One in ten Scottish households avoids TV licence fee

This week’s revelation by The Times that 10% of Scottish households avoid paying their TV licence raises the question of whether the BBC is effectively providing for a Scottish audience.

While the BBC Annual Report claims that “it’s been a great year for Scottish content”, audiences in Scotland expressed that the extent to which the BBC provides for their part of the UK is lower than the rest of the UK.

BBC Scotland at Pacific Quay in Glasgow. (Photo credit: Stevie Spiers)

The difference, however, is not significant. UK wide, 56% of adults think the BBC is effective at reflecting people like them, and 53% of adults in Scotland say the same.

Furthermore, 55% of UK adults say the BBC is effective at reflecting the part of the UK they live in.


Last year saw a variety of Scottish productions from the BBC, including the murder mystery Shetland and documentary series Island Medics, as well as the announcement that comedy classic Still Game is returning this year.

Despite this, the BBC’s spending in Scotland during 2017/18 had a sharp decrease from the year before.

While in 2016/17, £233 million was spent in Scotland, 2017/18 experienced a decrease of £10.4 million.

An analysis done by the Scottish Parliament’s Information Centre (SPICe) in 2016 found that out of the £320 million raised from the licence fee in Scotland, just over half of that money was spent on investing across platforms and channels in Scotland.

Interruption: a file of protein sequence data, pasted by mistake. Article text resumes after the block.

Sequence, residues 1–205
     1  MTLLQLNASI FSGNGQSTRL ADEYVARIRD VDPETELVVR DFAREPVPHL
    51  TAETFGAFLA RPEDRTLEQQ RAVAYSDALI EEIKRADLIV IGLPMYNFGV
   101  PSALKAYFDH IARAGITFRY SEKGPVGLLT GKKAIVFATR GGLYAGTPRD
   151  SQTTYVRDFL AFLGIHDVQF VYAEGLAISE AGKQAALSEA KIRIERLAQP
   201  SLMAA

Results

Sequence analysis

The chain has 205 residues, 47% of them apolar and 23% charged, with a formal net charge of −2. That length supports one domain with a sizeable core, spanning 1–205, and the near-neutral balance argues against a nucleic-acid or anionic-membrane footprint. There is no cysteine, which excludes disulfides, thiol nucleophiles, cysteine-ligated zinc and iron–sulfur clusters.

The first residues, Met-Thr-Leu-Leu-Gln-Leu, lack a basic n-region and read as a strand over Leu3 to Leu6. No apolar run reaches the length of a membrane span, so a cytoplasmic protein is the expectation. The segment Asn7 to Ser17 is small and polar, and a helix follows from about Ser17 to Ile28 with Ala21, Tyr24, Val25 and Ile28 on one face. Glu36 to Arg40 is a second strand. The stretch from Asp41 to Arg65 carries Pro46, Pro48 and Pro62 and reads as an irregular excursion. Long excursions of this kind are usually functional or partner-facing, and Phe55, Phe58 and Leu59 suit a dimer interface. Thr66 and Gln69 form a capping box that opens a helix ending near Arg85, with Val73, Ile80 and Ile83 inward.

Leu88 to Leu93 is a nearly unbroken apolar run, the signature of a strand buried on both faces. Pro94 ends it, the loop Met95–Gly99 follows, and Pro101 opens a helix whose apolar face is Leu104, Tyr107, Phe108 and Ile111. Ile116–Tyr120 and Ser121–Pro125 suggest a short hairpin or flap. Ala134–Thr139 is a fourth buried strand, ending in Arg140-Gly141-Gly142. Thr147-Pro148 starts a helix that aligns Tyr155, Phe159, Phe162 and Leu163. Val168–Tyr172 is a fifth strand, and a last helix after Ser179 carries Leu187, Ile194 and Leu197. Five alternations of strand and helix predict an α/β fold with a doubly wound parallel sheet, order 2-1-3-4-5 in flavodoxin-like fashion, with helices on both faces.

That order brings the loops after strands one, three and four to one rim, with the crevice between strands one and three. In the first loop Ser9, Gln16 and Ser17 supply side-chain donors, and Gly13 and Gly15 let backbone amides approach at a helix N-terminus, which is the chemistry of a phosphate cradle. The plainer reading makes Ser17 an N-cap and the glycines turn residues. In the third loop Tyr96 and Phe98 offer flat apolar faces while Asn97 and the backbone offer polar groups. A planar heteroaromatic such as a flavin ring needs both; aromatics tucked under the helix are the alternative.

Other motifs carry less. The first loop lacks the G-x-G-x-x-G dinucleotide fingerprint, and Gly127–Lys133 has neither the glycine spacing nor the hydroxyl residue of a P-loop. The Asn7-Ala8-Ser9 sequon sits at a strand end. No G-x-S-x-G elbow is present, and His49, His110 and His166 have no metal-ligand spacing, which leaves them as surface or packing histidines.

Looking over to Northern Ireland and Wales, 75% and 95% of licence revenue were spent in the countries respectively.

According to the BBC Report, the spending on Scotland will increase this year, which is to be expected with the launch of the new BBC Scotland channel next month.

Last year, half of the Scottish adults viewed dedicated Scottish news services on BBC Television each week. The new channel will bring Scotland news from a Scottish perspective and reflect on Scottish life through contemporary programmes.

A spokesperson from TV Licensing says that they do not speculate on future evasion rates as they use a number of factors to calculate them.

“TV Licensing’s estimated evasion rate has remained broadly the same over the last three financial years. Our figures show the rate was between 6%-7% for 2016-17, and 6.5%-7.5% for 2017-18. Changes of less than one per cent are not significant.”



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